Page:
Category Archives: credit crisis

Kutwa Tuesday: Corporate Mysteries

and other Bank Twits

Twitter is a micro-blogging tool that is really nifty for doing mini-posts, forwards and other remarks that (are on any subject) and are maybe not worthy of a full blog post. Here’s a summary of my week on Twitter where there was some interesting discussions, but so far yet to unravel mysteries at Kenya airways, Safaricom and Athi river mining? and some replies

June 15: nairobbery Reading about a Nairobi scam where people actually throw themselves on the windscreens of slow moving cars and later ask for compensation
Kenya central bank study shows popularity of MPesa; users rate it cheap, fast, reliable & accessible

June 16: Media mystery: what happened to the Bamburi vs. Athi story? there were many reporters there but was story buried? replies @nakeel It’s called the power of advertising and who pays your bills..

June 17: Economist says Africa’s next country South Sudan “will fail before it has even been born”
DT Dobie advertising that a Mercedes E200 kompressor is 1796cc and therefore compliant with new Kenya Government rules for Ministers cars
Anti-corruption initiatives falter around Africa
Racial Discrimination at World Bank?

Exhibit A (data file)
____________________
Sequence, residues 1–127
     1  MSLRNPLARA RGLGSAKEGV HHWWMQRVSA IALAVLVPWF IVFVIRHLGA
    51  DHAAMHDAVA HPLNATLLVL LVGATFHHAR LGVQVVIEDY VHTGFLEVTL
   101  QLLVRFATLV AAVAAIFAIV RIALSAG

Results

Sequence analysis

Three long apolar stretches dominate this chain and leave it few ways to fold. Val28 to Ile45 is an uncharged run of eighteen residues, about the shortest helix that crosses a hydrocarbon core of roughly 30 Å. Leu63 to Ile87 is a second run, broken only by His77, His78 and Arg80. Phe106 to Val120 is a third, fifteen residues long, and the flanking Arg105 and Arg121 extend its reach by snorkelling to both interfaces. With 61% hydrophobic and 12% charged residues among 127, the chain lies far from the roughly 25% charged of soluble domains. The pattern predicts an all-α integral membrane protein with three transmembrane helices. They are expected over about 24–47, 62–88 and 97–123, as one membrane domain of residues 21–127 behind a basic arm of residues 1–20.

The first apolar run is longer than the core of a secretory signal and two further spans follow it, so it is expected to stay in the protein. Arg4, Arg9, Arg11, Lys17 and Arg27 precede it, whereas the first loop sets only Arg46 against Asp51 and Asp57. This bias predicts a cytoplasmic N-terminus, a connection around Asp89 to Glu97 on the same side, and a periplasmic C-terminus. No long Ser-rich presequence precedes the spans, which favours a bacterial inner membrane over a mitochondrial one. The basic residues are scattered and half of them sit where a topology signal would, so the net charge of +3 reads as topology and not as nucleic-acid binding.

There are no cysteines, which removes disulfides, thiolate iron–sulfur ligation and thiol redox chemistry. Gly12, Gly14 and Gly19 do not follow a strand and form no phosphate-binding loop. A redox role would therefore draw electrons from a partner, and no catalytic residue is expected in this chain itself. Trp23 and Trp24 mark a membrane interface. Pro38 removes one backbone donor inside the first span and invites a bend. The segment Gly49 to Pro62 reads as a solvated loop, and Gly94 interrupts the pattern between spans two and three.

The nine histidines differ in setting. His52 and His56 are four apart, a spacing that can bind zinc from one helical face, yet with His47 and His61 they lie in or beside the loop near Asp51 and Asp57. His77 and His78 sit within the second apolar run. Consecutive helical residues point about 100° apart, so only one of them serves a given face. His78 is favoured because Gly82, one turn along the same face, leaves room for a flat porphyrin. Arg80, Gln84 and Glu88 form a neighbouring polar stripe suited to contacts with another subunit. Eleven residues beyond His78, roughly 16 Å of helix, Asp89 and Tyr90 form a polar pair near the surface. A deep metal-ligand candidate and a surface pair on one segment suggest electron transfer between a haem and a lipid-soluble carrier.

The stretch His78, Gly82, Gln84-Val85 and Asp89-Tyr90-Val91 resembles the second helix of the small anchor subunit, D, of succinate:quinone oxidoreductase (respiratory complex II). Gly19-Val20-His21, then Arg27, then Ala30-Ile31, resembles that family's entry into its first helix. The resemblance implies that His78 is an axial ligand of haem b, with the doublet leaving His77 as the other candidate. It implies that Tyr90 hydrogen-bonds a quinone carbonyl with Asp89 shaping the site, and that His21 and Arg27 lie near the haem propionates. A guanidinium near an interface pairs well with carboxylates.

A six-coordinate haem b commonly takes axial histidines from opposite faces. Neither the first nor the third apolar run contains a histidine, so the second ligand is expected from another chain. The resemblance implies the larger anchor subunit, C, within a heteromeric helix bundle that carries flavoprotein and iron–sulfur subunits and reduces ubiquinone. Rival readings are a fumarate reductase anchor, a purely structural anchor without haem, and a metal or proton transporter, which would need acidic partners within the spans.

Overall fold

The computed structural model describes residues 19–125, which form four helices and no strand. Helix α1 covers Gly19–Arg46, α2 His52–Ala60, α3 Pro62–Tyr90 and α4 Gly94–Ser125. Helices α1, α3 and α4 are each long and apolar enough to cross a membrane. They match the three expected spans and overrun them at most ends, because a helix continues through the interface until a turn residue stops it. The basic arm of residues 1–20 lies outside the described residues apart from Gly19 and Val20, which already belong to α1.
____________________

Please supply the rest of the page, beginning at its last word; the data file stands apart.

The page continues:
CNBC TV show President Obama killed a fly during an interview. Take it away FOX
Is the Kenya rugby safari sevens tourney over-priced at 1,500 ($19) per season ticket?
Two new independent (non stockbroker) directors at Nairobi Stock Exchange – NSE Board

June18 KPLC is going to increase the birth rate in kenya if they keep failing to supply electricity.

June 19: Kenya and Uganda Catholic churches in a race to hell with simultaneous abuse scandals; media coverage in UG is NSFW
Michela Wrong to visit the World Bank

June 20 Discovering the mysterys of white cap, EABLs no.2 that survives recessions without any advertising
replies @coldtusker I didn’t say it ‘failed’ but IMHO its core consumer base isn’t GenX but my mzee’s generation. What happened to WC lite? White Cap’s demographics are skewed to stable, older, wealthier, ‘old dogs’ market. It has failed among the ‘younger’ drinkers. @Fintradecapital thats really true. Its drinkers r consistent.
I use nivea creams, but all their posters and adverts scream i am soooò not their target customer!
replies @uhusiano is cos they are all jungus? @coldtusker Are you thinking of doing a chaz bono? re: nivea – not their target market… LOL… @devonwhittle I’m also a Nivea customer, but their “skin whitening” products and ads worry me – @karuoro I use Nivea shower gel but prefer Vaseline lotion..find nivea lotions too..sticky (don’t know if that makes sense) @Ethnicsupplies I’ve never liked the smell @Shiko_Msa we the target customers that is. feel welcome. Even though they dont welcome we do.